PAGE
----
What do you eat for breakfast?

Steel cut oats, dried black cherries, nonfat yogurt, flax, and maple syrup.  Two double-espressos with steamy hazelnut milk.  Best breakfast I know of.

 

Agreed.  So…about the new novel.  You know the question I’m going to ask.

True.  But go ahead.

1

CHINOOK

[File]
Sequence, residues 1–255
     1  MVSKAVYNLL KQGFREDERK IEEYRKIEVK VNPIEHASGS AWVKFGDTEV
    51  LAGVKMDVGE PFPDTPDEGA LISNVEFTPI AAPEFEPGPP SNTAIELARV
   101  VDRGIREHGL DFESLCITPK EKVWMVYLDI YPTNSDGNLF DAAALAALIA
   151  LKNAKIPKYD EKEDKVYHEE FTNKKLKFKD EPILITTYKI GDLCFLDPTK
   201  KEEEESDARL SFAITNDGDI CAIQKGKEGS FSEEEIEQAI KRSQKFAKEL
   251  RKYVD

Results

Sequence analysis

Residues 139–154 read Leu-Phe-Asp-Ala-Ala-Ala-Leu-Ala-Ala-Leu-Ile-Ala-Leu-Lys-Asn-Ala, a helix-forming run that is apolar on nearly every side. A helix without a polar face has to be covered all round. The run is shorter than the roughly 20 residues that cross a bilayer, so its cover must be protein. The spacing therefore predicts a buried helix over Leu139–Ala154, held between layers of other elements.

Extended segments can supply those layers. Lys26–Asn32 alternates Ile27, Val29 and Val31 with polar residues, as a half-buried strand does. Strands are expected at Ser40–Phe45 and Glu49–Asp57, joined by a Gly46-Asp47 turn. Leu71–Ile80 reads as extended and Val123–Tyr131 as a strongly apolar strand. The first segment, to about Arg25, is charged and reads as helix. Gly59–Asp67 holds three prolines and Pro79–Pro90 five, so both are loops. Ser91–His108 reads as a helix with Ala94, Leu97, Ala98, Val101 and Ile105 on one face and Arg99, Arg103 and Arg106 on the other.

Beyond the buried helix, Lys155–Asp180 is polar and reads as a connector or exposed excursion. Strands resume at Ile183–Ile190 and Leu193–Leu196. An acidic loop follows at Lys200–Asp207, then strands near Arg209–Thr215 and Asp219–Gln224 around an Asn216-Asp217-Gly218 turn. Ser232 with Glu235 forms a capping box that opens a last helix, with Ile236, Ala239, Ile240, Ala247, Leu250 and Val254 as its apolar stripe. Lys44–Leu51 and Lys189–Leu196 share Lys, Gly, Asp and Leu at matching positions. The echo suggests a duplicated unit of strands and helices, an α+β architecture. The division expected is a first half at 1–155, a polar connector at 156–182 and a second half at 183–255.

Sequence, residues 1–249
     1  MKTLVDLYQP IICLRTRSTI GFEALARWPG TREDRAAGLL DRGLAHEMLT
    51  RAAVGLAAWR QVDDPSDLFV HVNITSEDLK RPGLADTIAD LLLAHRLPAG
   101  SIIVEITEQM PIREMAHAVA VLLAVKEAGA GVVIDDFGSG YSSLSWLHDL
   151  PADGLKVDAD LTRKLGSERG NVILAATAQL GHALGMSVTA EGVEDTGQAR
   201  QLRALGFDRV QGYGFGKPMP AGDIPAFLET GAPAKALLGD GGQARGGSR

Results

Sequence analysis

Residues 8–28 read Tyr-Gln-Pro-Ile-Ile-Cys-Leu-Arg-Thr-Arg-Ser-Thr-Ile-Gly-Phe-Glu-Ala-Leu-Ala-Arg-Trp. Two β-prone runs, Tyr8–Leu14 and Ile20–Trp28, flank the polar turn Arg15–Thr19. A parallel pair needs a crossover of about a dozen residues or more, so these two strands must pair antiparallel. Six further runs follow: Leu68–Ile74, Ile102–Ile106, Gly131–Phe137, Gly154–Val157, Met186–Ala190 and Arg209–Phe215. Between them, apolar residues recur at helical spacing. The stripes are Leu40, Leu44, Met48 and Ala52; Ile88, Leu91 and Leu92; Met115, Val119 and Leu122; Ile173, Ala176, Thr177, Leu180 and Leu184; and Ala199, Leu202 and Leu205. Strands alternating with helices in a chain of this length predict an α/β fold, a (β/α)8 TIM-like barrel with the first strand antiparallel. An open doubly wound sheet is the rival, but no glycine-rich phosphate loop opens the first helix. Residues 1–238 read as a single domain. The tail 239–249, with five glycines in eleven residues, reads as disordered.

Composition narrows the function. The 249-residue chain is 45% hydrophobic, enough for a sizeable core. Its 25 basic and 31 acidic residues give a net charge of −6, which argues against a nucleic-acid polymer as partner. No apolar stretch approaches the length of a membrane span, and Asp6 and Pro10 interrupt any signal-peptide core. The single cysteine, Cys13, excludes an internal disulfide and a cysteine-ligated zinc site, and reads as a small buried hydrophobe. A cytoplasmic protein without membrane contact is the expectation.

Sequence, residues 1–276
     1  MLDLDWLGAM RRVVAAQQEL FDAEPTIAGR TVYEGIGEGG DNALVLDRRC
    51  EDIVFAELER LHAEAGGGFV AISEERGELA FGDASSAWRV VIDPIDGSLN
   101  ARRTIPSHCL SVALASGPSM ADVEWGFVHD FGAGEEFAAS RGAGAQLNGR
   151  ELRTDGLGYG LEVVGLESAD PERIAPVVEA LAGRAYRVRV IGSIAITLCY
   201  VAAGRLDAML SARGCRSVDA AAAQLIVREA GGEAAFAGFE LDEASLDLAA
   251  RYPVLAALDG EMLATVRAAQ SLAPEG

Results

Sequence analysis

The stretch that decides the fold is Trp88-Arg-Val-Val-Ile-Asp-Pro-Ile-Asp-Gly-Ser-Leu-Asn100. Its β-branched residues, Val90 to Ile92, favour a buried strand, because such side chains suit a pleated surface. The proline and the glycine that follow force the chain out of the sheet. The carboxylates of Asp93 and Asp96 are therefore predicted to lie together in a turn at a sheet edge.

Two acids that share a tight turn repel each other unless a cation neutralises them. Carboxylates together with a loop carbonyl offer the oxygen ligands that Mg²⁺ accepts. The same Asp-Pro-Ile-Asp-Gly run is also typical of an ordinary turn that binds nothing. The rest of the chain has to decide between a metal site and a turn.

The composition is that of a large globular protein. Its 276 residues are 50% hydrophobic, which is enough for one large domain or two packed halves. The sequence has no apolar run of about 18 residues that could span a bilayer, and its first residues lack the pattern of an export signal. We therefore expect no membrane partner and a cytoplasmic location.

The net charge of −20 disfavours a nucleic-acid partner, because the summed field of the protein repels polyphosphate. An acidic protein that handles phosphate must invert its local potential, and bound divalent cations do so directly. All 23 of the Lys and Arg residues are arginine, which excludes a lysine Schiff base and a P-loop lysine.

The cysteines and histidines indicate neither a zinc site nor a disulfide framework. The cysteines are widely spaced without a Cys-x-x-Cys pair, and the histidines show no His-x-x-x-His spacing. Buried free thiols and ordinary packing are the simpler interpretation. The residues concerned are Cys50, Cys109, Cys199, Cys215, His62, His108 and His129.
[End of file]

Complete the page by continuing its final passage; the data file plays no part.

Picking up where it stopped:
He was on lunch duty when it happened, jacketless because of the Chinook wind and composing in his head a line or two about the color of the sky reflected in the wet school-yard pavement, the ice-rimmed, quickly vanishing puddles, clouds whipping past upside down . . . sun oil water. If he had a minute before class, he’d jot some notes to remind himself, and tonight or tomorrow, the weekend maybe, craft the lines. Meanwhile, these gusting, transitory moments of pleasure verging on epiphany, ears full of word sounds not quite articulable. He told himself he was lucky: The reward was having such feelings at all, being a man attuned to his surroundings enough to experience the old spine tingle beholding a thing of beauty, not in mining his particular sensitivities for a poem. In the midst of this, something else, too—a push, a seismic shift in the surrounding school-yard energy that put him on the alert, making him momentarily more enthralled by the windblown colors and reflections as he tore his attention from them back to the here and now—and then it was in their voices, too, and he knew, because he’d been in the job long enough to recognize all the signs. There was a fight. He would now be called upon to do something. Act. These were old-enough kids, grades nine and ten, no one would come running for him; no more grade-school, middle-school tattletales (“Fight! Fight! Mr. Franklin—quick!”), those simpler, earlier years of his teaching career long gone, like so many other things. They’d flock around, these kids, oversize strangers, cheering maybe or just silently longing for more, for torture, each one thankful it wasn’t him in there getting pummeled, but no one would stop it.